Panel Paper: Head Start and Children's School Readiness: Variations By Family and Neighborhood Poverty

Thursday, November 6, 2014 : 10:35 AM
Jemez (Convention Center)

*Names in bold indicate Presenter

Taryn Morrissey and Katie Vinopal, American University
The experience of family poverty during childhood, particularly during early childhood, has substantial, negative impacts on children’s development, including their readiness for kindergarten (Shonkoff & Phillips, 2000). Neighborhood-level poverty also negatively impacts children’s development. Children who grow up in areas of concentrated poverty, which tend to have few high-quality early learning opportunities and poor-quality K-12 schools, disproportionately experience short- and long-term adverse outcomes (Duncan & Murnane, 2011; Wodtke, Harding, & Elwert, 2011). A growing body of research suggests that poor children in poor neighborhoods are more disadvantaged, compared to poor peers in lower-poverty neighborhoods (Morrissey et al., 2013).

Early learning experiences, such as Head Start (HS), have been shown to improve poor children’s school readiness (Garces & Currie, 2002; U.S. Department of Health and Human Services, 2012), and evidence suggests that the most disadvantaged children show the largest benefits (Bitler, Hoynes, & Domina, 2013). It is possible that poor children living in areas of concentrated disadvantage disproportionately benefit from HS attendance, compared to poor children in more advantaged neighborhoods. However, whether early learning experiences have differential effects on children’s school readiness based on the neighborhood context remains unexplored.

This study examines the interactive effects of neighborhood poverty and HS attendance on children’s school readiness. We link data from the Early Childhood Longitudinal Study-Birth Cohort (ECLS-B) to corresponding contextual data from the American Community Survey (ACS) using children’s residential zip codes and focus on a subsample of children who attended either HS or center care during their preschool year (N = 3,750). Children’s reading and math scores at Kindergarten serve as the dependent variable, and we control for a rich set of child, parental, and household characteristics.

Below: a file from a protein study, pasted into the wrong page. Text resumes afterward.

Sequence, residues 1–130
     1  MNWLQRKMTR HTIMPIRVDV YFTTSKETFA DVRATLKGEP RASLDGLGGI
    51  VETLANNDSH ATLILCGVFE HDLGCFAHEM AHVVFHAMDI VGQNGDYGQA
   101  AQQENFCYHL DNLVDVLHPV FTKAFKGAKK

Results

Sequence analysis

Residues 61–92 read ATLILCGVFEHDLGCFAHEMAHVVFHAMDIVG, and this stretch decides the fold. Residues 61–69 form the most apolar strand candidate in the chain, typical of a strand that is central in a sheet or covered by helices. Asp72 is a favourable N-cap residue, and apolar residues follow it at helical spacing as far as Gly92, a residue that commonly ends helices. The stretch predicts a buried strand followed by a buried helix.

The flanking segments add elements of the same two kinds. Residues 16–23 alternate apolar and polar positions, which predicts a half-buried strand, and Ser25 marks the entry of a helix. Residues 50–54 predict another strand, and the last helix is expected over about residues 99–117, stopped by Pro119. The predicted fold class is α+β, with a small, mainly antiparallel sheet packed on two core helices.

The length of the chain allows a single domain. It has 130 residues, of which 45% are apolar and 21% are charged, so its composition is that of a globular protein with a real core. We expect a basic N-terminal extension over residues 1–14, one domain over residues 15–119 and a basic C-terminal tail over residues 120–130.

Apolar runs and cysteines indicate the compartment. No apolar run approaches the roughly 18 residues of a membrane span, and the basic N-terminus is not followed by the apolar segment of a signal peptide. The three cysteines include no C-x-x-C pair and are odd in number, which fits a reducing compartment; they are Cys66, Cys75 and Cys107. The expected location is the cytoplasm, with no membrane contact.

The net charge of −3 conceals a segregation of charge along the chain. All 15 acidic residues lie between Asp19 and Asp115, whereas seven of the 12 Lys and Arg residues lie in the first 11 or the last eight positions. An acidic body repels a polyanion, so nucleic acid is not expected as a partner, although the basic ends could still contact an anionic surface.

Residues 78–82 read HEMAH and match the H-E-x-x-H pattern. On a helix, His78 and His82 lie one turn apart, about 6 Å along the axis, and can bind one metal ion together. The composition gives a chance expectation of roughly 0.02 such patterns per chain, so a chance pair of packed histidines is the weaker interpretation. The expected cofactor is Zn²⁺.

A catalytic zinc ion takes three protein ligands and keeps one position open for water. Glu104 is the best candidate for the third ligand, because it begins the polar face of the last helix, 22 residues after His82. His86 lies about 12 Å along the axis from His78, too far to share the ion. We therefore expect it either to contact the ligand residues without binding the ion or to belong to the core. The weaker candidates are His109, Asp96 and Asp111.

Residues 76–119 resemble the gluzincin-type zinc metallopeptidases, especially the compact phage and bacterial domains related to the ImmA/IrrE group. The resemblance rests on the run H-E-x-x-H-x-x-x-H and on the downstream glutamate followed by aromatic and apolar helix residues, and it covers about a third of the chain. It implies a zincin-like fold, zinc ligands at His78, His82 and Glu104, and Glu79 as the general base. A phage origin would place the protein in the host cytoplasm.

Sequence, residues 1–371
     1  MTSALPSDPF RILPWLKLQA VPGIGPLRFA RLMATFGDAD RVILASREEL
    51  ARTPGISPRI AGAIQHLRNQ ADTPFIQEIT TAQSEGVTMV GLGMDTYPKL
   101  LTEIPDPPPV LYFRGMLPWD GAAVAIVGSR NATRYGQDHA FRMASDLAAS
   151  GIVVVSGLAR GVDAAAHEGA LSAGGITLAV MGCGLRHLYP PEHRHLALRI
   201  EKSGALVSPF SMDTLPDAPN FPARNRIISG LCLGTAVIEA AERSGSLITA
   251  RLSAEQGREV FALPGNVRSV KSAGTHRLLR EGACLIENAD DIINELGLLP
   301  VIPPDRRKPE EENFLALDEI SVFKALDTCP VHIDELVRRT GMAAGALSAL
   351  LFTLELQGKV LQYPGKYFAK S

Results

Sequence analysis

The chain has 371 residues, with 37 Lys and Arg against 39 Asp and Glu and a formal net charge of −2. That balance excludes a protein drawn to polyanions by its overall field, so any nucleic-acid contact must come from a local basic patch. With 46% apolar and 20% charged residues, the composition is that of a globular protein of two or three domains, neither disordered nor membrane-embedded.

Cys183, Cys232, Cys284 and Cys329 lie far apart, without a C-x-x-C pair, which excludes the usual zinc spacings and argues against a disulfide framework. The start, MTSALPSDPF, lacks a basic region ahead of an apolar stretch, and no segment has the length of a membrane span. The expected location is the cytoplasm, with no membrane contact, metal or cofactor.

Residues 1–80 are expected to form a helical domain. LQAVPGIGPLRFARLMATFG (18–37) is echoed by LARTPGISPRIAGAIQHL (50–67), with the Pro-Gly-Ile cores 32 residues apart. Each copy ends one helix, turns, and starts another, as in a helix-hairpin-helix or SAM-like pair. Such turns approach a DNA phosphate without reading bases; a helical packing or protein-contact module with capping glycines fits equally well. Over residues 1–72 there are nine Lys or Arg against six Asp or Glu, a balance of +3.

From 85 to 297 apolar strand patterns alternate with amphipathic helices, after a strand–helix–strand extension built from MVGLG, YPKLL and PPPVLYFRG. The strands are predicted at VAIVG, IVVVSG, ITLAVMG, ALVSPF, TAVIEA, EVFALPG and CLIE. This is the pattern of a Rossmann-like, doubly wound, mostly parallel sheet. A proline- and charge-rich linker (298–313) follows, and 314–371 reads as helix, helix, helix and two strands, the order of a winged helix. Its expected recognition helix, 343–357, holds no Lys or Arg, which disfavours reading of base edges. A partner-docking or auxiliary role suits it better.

We define neighborhood poverty as living in a zip code with a poverty rate of 20% or greater. Using this definition of concentrated poverty, about 26% of children in the ECLS-B who attended HS or center care during the preschool wave lived in high-poverty neighborhoods. Children living in households below the poverty level in high-poverty zip codes were more likely be ethnic or racial minority, less likely to live in a two-parent household, less likely to have college-educated parents, and averaged lower reading and math scores than their peers.

Preliminary OLS regression models (clustered by zip code) indicate that children in high-poverty neighborhoods average lower math scores than those in low-poverty neighborhoods, and children who attended Head Start average lower reading scores than their peers who attended center-based care. However, there were no significant interactions between Head Start attendance and neighborhood poverty. Future analyses will test different specifications of neighborhood poverty (e.g., 30% or more poor at the zip code level), and will employ multilevel modeling and propensity score matching to further limit omitted variable bias. Given the importance of school readiness in predicting later academic outcomes, understanding the differential impacts of Head Start by neighborhood poverty is important for identifying strategies for policy intervention.